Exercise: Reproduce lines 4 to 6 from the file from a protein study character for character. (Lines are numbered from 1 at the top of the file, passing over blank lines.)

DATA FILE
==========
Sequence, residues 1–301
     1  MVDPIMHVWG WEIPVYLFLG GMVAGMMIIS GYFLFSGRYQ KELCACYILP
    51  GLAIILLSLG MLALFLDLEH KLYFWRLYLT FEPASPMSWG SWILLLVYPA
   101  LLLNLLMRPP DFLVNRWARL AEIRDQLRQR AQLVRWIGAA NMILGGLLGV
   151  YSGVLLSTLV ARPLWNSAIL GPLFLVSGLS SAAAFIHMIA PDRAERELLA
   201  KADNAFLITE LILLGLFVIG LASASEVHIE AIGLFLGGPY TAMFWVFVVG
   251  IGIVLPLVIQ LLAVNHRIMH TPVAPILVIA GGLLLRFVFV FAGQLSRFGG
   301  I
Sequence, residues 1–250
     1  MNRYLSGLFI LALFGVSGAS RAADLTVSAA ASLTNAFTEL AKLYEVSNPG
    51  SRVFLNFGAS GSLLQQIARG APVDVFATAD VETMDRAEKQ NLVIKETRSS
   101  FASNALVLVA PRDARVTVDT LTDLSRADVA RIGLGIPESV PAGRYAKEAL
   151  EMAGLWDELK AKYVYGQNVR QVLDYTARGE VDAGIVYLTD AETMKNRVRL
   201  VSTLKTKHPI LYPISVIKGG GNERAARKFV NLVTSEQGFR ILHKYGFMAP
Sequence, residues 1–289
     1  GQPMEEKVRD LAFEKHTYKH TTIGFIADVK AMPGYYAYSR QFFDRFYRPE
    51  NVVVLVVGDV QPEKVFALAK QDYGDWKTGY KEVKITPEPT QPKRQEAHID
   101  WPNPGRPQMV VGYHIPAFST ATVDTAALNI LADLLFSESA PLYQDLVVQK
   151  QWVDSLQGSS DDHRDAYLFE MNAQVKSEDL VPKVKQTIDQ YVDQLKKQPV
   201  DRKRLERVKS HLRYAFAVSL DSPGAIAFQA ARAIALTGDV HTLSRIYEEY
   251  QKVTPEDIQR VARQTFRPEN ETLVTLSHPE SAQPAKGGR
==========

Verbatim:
   101  LLLNLLMRPP DFLVNRWARL AEIRDQLRQR AQLVRWIGAA NMILGGLLGV
   151  YSGVLLSTLV ARPLWNSAIL GPLFLVSGLS SAAAFIHMIA PDRAERELLA
   201  KADNAFLITE LILLGLFVIG LASASEVHIE AIGLFLGGPY TAMFWVFVVG